Starcat 1 by my favourite artist

Wednesday, 16 January 2013

A Sunday Stroll...

... is a good way to arrange your thoughts, enjoy a good read in a park and prepare yourself for the rigours of the working week.

It can also be full of surprises, good or bad. This Sunday's surprise was indeed a pleasant one. The Nervión quarter of Seville is a mix of the modern and the traditional as far as architecture is concerned. There are areas of low-rise houses and others of the usual modern dreck, all jostling cheek by jowl.

To get to a local park I decided to walk parallel to the modern avenues, through the smaller, turn-of-the 20th-century streets and found this:

Once a carpenter's, now a restaurant 
 As we can see from the tiling at the top of the façade, the ground floor was originally a carpentry. Probably the other floors were flats occupied by the business owner's family. This was quite common in Seville - a whole bourgeois family building, owning and occupying a large building with the commerce on the ground floor and the others being given over to accommodation. In fact, I have a friend who is the member of one such family. This hearkens back to the medieval days of the merchant living above the shop with his whole household of family, servants and apprentices.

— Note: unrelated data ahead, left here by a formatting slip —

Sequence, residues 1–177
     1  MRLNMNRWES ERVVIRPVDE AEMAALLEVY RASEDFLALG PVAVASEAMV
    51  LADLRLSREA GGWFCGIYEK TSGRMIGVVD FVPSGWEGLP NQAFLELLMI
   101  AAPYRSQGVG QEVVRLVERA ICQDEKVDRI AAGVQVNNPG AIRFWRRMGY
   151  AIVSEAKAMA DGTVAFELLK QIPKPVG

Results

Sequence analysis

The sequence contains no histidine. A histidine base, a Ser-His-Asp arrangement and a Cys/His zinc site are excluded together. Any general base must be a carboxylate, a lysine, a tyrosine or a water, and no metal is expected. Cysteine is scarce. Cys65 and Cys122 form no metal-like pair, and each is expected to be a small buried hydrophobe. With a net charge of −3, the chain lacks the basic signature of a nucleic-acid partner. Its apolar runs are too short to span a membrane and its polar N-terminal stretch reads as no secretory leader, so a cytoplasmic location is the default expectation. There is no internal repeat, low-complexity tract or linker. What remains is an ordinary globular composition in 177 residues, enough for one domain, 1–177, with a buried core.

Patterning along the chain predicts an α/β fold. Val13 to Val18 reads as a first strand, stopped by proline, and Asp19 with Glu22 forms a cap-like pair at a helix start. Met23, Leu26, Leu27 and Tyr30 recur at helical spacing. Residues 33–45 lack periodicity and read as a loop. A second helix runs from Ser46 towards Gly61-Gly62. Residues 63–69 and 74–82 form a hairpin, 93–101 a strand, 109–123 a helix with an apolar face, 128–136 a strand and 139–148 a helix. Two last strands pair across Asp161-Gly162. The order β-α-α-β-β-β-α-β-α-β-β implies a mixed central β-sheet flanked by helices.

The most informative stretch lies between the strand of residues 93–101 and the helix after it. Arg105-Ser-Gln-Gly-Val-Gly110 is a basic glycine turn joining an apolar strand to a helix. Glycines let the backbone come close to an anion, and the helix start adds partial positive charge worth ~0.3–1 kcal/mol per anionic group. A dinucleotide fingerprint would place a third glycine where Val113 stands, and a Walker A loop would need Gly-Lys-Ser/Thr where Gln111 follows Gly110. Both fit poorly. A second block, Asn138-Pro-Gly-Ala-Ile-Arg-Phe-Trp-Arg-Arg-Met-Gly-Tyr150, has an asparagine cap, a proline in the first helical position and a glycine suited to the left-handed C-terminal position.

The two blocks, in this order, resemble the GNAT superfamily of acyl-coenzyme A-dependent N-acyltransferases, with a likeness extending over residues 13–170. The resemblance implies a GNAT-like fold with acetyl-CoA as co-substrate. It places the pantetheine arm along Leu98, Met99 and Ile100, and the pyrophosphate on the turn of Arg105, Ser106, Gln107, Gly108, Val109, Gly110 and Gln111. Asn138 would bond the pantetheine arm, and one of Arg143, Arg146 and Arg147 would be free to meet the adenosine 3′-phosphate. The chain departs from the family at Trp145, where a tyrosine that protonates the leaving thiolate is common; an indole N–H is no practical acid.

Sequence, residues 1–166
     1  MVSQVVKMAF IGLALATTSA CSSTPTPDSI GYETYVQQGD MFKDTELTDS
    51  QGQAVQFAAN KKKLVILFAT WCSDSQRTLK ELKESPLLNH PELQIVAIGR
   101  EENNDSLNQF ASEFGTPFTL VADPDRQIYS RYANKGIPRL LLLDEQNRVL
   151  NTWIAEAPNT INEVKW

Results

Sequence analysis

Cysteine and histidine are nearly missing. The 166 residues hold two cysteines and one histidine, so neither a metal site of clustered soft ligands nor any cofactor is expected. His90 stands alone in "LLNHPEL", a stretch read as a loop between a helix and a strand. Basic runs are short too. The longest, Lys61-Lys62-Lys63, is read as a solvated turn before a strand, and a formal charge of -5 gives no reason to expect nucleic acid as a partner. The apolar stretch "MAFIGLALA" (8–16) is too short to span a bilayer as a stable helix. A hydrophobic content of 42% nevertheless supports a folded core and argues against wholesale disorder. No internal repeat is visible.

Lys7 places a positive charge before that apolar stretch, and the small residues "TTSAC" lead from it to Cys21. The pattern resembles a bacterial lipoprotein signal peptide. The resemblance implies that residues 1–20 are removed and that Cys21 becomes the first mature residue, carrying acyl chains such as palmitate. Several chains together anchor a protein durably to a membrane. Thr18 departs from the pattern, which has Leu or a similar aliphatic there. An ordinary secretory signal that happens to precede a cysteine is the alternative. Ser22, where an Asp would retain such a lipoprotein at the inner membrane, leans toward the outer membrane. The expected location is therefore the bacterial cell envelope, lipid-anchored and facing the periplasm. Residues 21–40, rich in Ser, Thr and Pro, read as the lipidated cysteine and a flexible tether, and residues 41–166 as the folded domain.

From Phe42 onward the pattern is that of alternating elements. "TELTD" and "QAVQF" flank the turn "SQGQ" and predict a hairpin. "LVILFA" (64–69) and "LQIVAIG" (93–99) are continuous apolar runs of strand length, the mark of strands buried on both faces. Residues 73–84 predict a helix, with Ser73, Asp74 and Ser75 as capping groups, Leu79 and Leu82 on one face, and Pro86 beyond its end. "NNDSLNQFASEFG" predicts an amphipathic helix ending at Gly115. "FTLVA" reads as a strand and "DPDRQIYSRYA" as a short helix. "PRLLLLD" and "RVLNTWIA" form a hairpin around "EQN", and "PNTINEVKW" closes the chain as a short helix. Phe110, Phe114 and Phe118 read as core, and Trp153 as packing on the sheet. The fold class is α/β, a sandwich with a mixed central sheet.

This particular business was built in what is known as the regionalist style - a reinterpretation of the traditional Andalusian / Moorish architecture - hence the arched windows and the square-roofed tower to the right. On the left we can also see a smaller, domed, tower - the dome being covered in tiles.

I did not go in, but I assume that the restaurant will occupy what was once an open courtyard with a fountain in the middle

A rather grand entrance - and probably 
eminently practical when the carpentry was in
operation.
Surprisingly, the building is in a narrow street  that is only  wide enough to allow a single lane of traffic and had it not been facing another perpendicular street, I would not have been able to take the picture of the whole façade. 
Strangely enough, the street has no name on Google  maps. If you are interested, it is the street behind, and parallel to, Luis de Morales and is called Santo Domingo de la Calzada.

1 comment:

  1. It is fun and interesting to come upon these little gems in any city and to work out how they were used and what role they played in people's lives.

    Today we expect big businesses to reside in the grander streets but I think in the past they often occupied what we would today consider to be side streets. Whether this was for reasons of cost or because there was not the same prestige attached to being established on main roads, I do not know.

    In the case of this building, it may be that it is its location that has allowed it to survive. Had it been in a more prominent position, it might have been demolished for road-widening or to make way for a flashier modern structure.

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